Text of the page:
No difference in outcome between 3 minimally invasive surgical procedures for the treatment of lumbar spinal stenosis

1. In this randomized clinical trial of 437 patients, no significant difference was observed in clinical outcomes between 3 minimally invasive posterior decompression techniques for the treatment of lumbar spinal stenosis over a 2-year period.

2. After adjusting for Oswestry Disability Index (ODI) from baseline and operative hospital, there was no statistically significant difference in the change in disability measured with the ODI between the 3 surgical techniques .

Level of evidence assessment: 1 (Excellent)

Summary of the study: Lumbar spinal stenosis (LSS) is a common condition that is characterized by pain and discomfort in the lower back and extremities. Treatment for LSS can include surgical and non-surgical procedures. In surgical treatment, there are different options for minimally invasive posterior decompression of the adult lumbar spine, 3 of which are unilateral crossing laminotomy (UL), bilateral laminotomy (BL) and spinous process osteotomy (SPO). ). The effectiveness of these techniques relative to each other is, however, unknown. This study compared the effectiveness of these 3 minimally invasive posterior decompression techniques for LSS. A total of 437 patients were randomized to undergo 1 of 3 surgical techniques, with a median age of 68 years. The primary endpoint was the change in disability measured with the Oswestry Disability Index (ODI) between baseline and 24 months after surgery. Secondary outcomes included mean change in quality of life, severity of disease-specific symptoms, back and leg pain, patient perceived benefit and duration of surgery, volume of perioperative bleeding, complications, number of reoperations and length of hospital stay. After completing the analyses, no statistically significant differences were found in the change in disability measured using the ODI between the UL, BL, and SPO surgical groups. The BL technique was found to take the least amount of time at around 124 minutes, while the UL and SPO procedure took an average of 30 minutes longer. A major strength of this study was its randomized clinical trial design and large sample size. A limitation of this study was that the 3 minimally invasive surgical techniques for the treatment of LSS were not compared to full laminectomy.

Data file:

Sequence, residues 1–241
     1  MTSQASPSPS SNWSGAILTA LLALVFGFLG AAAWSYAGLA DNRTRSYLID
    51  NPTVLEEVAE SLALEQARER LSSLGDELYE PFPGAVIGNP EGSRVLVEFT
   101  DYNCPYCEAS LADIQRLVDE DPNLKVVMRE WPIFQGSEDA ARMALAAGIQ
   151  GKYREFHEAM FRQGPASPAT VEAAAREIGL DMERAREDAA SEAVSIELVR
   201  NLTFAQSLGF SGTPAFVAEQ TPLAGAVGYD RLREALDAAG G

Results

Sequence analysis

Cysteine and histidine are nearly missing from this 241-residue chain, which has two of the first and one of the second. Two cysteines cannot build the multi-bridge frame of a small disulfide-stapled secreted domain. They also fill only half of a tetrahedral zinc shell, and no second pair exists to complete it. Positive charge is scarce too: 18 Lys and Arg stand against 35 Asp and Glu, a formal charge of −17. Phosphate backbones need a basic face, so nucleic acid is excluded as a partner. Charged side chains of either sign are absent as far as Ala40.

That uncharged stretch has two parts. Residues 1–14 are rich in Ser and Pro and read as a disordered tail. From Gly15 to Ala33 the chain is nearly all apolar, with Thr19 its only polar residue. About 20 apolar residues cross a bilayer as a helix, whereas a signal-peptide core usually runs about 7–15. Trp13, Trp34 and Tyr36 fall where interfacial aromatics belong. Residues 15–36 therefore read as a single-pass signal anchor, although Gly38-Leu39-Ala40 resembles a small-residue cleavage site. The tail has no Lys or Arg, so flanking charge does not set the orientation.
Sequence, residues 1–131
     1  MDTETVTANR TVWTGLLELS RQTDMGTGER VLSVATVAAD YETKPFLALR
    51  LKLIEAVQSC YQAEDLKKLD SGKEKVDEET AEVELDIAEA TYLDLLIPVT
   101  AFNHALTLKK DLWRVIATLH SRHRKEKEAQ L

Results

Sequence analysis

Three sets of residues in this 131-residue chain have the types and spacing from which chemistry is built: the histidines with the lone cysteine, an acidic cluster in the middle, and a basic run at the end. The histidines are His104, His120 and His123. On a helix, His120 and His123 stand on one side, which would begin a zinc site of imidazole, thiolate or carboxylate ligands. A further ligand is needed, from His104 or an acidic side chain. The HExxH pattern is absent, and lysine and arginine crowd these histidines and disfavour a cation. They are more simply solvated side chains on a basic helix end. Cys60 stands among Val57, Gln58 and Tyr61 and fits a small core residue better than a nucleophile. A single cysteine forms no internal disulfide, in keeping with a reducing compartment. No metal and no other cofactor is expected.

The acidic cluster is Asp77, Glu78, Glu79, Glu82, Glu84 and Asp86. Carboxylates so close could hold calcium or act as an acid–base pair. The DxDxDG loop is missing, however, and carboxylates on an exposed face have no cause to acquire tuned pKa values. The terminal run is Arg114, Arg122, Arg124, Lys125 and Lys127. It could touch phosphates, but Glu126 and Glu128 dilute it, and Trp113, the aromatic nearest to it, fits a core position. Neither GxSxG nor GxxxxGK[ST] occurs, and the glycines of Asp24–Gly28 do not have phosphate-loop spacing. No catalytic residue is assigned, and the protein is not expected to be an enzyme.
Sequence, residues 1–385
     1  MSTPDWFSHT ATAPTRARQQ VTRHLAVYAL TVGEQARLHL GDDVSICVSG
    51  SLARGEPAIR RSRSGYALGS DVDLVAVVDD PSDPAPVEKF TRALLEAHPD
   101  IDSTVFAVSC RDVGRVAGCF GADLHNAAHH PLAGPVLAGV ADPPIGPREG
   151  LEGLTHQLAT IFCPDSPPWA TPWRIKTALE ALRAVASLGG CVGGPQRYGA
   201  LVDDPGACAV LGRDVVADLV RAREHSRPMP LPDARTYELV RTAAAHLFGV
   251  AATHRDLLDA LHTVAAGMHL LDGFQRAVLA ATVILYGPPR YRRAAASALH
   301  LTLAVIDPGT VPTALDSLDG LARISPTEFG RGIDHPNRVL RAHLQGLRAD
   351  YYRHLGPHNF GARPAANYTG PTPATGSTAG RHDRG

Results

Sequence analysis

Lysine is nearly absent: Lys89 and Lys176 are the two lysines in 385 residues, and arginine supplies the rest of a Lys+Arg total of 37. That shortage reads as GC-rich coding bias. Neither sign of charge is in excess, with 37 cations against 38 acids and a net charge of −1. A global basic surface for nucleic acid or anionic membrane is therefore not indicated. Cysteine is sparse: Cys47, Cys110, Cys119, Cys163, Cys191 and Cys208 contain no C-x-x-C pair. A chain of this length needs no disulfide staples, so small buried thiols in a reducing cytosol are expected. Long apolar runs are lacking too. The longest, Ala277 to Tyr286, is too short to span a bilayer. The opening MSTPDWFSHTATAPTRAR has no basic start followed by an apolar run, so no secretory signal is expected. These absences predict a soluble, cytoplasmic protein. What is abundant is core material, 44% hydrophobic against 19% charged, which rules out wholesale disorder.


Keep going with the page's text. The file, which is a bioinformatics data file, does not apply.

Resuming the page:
Click to read the study in JAMA Network Open

Relevant reading: Surgical versus non-operative treatment of lumbar spinal stenosis four-year results of the Spine Patient Outcomes research trial

In depth [randomized controlled trial]: This study investigated the effectiveness of 3 minimally invasive poster decompression techniques: unilateral crossing laminotomy (UL), bilateral laminotomy (BL), and spinous process osteotomy (SPO), for the treatment of lumbar spinal stenosis. A total of 437 patients were recruited and were randomized to receive either UL (n=146), BL (n=142) or SPO (n=149), with a median age of 68 years and included 230 men (53% ). The primary endpoint assessed was change in disability measured using the Oswestry Disability Index (ODI) over 2 years. The mean change in ODI from baseline to 2-year follow-up for the entire cohort was -19.1 (95% CI, -20.8 to -17.5). After adjusting for baseline ODI and operative hospital, the estimated change in ODI after the 2-year follow-up period for UL, BL, and SPO was -17.8 (95% CI, -20.3 at -15.3), -18.7 (95% CI, -21.3 to -16.0) and -21.0 (95% CI, -23.5 to 18.4) respectively. Ultimately, no statistically significant difference was found in the primary outcome between the 3 surgical techniques (P = 0.214). No statistically significant difference in secondary outcomes was observed between the 3 surgical groups, but the BL group was found to have a longer mean duration of surgery, 123.9 (109.0 to 138.7 ) minutes, compared to UL, 95.7 (81.1 to 110.3) minutes and SPO, 92.9 (78.2 to 107.7) minutes, (P

Picture: PD

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